Random Access Memories
Want to know about the world’s largest living organism? How about the man with the third highest Donkey Kong score? Need the formula for the area of a circle? All of these things and literally every other piece of knowledge can be had with the click of a button. It’s now an age-old adage about the “information age,” a time we seemingly take for granted. But what if you want to know more about Thomas Bangalter and Guy-Manuel de Homem-Christo of Daft Punk? In a time when privacy and anonymity are trivialized, Daft Punk continue to don their masks and create music devoid of desperately appearing as though it was culled from their personal influences.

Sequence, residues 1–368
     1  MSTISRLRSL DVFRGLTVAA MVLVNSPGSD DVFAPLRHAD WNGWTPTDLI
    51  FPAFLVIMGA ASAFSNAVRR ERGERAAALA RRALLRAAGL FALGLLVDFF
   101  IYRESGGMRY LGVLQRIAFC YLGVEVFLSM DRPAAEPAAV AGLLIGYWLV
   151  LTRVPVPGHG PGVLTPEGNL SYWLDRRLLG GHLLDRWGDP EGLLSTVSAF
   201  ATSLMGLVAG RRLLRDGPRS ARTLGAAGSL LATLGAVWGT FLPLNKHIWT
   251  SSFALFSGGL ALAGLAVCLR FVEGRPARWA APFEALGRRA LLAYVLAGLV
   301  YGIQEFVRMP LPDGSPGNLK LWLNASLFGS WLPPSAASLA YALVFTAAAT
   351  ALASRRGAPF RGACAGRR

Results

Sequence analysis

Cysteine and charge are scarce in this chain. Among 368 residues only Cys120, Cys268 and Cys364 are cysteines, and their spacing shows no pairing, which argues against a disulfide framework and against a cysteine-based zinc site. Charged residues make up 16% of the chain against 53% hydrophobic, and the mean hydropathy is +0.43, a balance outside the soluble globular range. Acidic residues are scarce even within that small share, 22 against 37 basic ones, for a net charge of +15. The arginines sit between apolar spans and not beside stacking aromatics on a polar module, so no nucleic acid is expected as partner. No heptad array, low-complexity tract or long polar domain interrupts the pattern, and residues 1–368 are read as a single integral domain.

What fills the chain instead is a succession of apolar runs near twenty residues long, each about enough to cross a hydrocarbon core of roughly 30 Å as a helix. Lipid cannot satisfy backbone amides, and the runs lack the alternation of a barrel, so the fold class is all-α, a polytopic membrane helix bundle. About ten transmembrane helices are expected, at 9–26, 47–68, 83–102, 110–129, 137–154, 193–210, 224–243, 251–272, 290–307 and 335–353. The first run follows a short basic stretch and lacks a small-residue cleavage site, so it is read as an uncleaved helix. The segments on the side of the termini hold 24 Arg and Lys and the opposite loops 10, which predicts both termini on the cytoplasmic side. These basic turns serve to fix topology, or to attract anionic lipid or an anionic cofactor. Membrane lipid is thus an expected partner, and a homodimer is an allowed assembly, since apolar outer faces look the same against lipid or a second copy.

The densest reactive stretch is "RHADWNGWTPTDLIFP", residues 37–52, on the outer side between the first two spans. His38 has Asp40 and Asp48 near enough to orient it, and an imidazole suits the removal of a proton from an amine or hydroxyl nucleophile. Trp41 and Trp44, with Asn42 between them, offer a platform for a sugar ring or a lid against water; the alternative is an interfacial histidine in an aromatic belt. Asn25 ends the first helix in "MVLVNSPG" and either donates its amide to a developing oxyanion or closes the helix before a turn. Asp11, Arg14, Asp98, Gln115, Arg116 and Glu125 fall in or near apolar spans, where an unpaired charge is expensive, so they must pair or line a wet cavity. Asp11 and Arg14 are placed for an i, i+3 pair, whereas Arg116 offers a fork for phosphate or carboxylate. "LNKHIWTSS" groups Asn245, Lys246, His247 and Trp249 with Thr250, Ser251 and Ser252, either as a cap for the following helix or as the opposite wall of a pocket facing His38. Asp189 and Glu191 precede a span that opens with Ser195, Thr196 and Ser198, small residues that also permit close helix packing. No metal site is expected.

On Random Access Memories, Daft Punk’s fourth studio album, the Parisian duo turn that formula on its head, trading in their time-tested computer programs for the collected human experience. But it’s still not about their experience; it’s about our experience. When they talk of giving life back to music, it isn’t just about reaching into the past to create the future; it’s about the communal aspects of music: the experience and heartbreak associated with the sounds and its people. Random Access Memories isn’t the album Daft Punk should be making in 2013, and that’s exactly why Daft Punk created it, and why it took eight long years to master. If the series of Creator’s Project videos focusing squarely on the album’s collaborators taught us anything, it’s that the history of music can teach us more about our presence than anything being produced today.